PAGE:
Professor of computer science and engineering Todd Austin, a recognized leader in the area of computer architecture research, was recently recognized with the University of Michigan’s Distinguished Faculty Achievement Award, which honors senior faculty who have consistently demonstrated outstanding achievements in the areas of scholarly research or creative endeavors, teaching and mentoring of students and junior faculty, service, and a variety of other activities. Up to five awards of $2,500 are made each year.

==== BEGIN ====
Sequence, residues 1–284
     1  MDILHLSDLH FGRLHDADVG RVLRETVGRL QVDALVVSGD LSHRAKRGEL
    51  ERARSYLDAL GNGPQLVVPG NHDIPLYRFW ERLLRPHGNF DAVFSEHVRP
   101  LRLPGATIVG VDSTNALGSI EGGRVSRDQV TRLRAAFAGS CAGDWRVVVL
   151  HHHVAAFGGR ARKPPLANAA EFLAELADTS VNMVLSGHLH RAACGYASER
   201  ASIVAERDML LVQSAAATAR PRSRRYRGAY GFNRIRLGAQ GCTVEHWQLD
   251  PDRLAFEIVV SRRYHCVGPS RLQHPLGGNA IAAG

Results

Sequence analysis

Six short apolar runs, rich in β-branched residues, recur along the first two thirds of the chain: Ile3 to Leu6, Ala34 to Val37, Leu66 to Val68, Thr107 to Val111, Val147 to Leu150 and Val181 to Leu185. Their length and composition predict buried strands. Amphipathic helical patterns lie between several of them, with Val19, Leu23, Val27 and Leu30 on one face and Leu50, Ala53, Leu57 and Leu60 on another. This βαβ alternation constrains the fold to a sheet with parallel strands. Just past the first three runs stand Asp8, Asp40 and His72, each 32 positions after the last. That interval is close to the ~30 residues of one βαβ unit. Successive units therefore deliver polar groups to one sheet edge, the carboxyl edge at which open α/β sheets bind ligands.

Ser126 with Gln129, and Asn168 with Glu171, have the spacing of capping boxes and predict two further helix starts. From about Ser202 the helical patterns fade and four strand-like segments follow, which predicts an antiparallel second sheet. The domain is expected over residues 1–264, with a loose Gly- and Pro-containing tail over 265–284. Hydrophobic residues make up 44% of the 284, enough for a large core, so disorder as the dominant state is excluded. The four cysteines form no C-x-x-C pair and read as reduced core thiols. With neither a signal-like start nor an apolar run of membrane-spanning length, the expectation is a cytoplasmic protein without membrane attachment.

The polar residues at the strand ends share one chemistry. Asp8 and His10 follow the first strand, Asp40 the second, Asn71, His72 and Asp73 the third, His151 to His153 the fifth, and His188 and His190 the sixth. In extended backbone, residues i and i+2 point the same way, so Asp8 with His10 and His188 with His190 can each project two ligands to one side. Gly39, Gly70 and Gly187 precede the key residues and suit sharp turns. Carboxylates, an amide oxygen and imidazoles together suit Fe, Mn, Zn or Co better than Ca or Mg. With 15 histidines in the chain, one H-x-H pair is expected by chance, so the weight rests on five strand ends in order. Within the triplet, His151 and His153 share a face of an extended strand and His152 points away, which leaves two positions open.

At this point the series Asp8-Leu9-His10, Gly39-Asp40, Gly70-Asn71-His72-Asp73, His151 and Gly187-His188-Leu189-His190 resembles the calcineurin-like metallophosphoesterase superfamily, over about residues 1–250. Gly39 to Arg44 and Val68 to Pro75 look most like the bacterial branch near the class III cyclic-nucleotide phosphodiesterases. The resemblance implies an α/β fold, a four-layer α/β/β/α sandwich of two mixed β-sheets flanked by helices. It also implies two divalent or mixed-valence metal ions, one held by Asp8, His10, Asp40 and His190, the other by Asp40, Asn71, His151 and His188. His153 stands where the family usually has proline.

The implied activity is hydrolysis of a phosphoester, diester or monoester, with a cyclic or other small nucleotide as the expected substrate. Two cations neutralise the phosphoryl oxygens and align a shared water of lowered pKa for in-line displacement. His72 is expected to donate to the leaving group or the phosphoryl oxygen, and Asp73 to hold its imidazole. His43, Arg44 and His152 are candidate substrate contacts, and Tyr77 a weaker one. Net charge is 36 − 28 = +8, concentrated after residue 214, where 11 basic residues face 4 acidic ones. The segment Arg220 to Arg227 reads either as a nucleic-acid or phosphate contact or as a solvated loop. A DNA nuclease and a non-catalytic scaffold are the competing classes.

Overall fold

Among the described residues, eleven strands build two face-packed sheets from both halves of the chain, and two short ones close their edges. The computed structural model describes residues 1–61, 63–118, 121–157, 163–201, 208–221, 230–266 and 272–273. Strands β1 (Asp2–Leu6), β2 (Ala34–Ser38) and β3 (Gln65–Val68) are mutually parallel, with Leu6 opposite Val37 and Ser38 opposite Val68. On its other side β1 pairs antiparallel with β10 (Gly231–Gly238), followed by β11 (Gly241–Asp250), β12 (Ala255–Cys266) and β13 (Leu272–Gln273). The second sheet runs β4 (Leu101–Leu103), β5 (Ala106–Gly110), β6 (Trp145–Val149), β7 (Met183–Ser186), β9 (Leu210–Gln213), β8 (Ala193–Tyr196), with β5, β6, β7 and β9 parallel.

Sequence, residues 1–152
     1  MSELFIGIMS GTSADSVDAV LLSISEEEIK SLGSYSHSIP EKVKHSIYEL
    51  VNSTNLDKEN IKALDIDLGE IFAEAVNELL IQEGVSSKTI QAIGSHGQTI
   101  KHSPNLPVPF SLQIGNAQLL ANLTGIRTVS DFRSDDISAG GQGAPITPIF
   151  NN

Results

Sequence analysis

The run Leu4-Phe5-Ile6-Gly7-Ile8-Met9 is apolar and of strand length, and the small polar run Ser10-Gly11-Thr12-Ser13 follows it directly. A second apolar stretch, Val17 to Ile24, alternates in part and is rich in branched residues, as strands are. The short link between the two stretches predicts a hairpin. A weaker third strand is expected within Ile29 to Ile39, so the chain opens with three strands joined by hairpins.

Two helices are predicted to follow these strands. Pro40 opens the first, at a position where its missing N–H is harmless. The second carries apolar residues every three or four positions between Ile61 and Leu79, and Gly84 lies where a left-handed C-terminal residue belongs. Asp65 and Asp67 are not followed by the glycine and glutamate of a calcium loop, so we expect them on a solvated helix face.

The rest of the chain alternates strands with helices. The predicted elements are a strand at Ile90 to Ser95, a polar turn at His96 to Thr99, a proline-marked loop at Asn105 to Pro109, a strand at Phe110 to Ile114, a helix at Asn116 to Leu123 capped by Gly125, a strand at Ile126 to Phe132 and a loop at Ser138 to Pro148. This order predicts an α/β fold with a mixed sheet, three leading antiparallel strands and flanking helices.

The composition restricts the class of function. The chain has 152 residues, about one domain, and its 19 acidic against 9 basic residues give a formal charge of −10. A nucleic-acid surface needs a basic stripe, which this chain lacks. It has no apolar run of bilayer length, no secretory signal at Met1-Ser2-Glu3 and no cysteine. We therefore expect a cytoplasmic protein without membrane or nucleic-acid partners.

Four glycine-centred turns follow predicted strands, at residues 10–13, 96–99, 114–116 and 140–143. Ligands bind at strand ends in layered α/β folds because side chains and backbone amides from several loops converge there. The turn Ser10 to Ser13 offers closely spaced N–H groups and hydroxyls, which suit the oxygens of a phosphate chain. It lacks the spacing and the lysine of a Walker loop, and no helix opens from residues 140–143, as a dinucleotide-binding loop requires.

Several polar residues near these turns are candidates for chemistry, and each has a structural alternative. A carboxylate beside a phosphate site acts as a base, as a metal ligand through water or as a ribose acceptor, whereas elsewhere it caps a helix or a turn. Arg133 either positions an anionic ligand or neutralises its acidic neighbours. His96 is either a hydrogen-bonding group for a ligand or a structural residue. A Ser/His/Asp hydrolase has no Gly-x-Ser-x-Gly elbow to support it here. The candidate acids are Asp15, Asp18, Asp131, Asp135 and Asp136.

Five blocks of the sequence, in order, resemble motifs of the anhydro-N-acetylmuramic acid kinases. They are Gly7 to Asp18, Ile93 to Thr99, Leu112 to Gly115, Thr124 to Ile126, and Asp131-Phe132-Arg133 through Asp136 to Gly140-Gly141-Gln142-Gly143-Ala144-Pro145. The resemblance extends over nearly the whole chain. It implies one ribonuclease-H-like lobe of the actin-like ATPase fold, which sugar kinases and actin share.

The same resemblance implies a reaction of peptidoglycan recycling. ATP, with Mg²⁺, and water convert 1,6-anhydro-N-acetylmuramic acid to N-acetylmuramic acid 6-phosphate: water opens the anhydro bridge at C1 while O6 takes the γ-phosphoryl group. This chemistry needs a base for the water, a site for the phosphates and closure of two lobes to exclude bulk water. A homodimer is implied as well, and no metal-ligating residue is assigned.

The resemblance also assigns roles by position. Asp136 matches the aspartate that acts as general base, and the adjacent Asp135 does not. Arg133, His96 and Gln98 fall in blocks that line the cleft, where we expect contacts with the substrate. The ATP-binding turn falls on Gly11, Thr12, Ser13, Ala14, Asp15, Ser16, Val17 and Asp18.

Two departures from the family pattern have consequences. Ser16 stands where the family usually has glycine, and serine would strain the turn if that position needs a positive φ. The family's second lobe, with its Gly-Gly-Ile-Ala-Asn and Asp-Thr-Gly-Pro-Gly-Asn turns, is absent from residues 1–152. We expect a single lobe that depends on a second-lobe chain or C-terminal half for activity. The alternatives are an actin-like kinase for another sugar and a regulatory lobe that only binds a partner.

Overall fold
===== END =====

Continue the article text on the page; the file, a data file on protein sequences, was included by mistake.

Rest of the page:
Most recently, Austin began work on with a $3.6M DARPA grant to design an “unhackable” computer that is inspired by the human immune system. He leads the project, called Morpheus, which uses an immunological approach that is dramatically different from today’s software approaches. The project outlines a new way to design hardware so that information is rapidly and randomly moved and destroyed. The technology works to elude the attacker from the critical information they need to construct a successful attack—it could protect both hardware and software.